Wilhelm v. Whyte

Annotate this Case

239 S.E.2d 735 (1977)

Wallace H. WILHELM v. William WHYTE, Superintendent, Huttonsville Correctional Center.

No. 13978.

Supreme Court of Appeals of West Virginia.

December 20, 1977.

*736 Lawrance S. Miller, Jr., Dailey & Miller, Kingwood, for relator.

Chauncey H. Browning, Jr., Atty. Gen., William D. Highland, Asst. Atty. Gen., Charleston, for respondent.

MILLER, Justice:

In this original proceeding in habeas corpus, petitioner urges that several errors of a constitutional magnitude occurred in his trial which resulted in his conviction of second degree murder in the Circuit Court of Preston County. He contends that the prosecuting attorney failed to comply with the general discovery order of the court, which required the prosecutor to turn over to the defense attorneys exculpatory material in the possession of the State.[1]

*737 At the trial of the case the State produced Clarence R. Lane, who was a member of the West Virginia Department of Public Safety working with the State Police Firearms Identification Laboratory. He testified about certain ballistic tests conducted with the murder weapon. On cross-examination, it developed that Lane had made a written report of his findings. The record is clear that this report was not delivered to the defense attorneys pursuant to the court's general order, although certain other reports in the possession of the trooper had been turned over to the defense attorneys prior to the trial.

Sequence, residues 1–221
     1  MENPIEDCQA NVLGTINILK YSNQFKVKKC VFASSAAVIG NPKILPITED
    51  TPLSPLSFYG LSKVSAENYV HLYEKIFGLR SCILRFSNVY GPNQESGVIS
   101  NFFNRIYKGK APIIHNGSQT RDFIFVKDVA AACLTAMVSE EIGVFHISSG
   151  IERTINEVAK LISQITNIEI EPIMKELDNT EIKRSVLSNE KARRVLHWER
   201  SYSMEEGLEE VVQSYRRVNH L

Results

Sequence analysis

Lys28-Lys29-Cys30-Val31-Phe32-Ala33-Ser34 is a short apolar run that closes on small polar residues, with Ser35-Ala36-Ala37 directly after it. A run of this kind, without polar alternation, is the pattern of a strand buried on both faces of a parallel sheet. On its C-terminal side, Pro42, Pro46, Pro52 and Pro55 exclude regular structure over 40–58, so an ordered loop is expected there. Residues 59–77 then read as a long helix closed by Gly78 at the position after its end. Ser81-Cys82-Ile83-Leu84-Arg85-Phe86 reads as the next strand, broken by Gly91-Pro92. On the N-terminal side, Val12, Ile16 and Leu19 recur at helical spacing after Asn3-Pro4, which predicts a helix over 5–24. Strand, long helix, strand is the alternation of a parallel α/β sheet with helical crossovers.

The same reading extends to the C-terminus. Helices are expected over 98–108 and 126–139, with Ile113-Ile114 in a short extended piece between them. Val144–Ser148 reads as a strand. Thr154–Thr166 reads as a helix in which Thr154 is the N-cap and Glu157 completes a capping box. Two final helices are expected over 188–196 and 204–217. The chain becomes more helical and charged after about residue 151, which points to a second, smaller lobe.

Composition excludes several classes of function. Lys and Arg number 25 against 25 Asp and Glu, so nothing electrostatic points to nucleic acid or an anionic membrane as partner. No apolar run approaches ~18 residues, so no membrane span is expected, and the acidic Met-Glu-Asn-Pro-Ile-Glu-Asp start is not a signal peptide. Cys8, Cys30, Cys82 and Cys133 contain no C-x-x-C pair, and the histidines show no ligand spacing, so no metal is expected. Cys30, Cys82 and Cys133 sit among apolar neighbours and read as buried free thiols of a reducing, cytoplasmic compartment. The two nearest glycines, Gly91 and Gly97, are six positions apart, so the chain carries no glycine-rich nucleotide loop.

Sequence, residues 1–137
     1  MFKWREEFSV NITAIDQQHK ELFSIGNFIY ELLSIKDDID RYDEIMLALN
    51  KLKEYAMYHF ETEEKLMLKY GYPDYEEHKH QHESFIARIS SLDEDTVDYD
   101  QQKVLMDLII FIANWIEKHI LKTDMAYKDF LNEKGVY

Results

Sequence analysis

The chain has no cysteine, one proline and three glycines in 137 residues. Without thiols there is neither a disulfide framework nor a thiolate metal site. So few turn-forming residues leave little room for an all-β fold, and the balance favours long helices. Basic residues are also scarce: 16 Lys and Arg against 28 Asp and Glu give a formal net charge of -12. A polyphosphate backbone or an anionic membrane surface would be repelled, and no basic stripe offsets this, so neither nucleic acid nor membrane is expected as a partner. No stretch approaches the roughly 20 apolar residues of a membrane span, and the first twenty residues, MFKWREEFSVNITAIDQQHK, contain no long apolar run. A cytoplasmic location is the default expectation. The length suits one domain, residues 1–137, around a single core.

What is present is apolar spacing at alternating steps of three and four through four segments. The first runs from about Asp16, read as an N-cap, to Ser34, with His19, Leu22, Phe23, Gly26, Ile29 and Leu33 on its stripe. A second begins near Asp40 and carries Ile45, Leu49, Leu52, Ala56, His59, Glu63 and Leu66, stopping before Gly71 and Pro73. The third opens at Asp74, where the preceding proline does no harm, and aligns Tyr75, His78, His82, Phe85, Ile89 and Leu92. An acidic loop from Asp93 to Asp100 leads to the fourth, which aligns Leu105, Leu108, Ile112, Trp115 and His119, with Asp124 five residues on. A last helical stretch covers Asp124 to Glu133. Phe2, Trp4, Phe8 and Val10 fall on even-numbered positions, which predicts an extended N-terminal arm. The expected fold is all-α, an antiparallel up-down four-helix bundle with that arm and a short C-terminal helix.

The defense attorneys, on learning of the existence of the ballistics report, moved the court for a mistrial. At a bench conference, the court examined the prosecutor concerning the failure to turn over the report, and it was the prosecutor's position that he had only learned of the existence of the report the day before. It does not appear that at the time of the bench conference the court, the prosecutor or the trooper had the report. The court indicated at the conclusion of the bench conference that, not having seen the report, he would take the motion for mistrial under advisement. The court did order that the witness Lane "... will remain subject to recall but the court is going to see defense counsel is given a copy of his report prior to recall.... You may recall the trooper after you have been furnished with a copy of the report."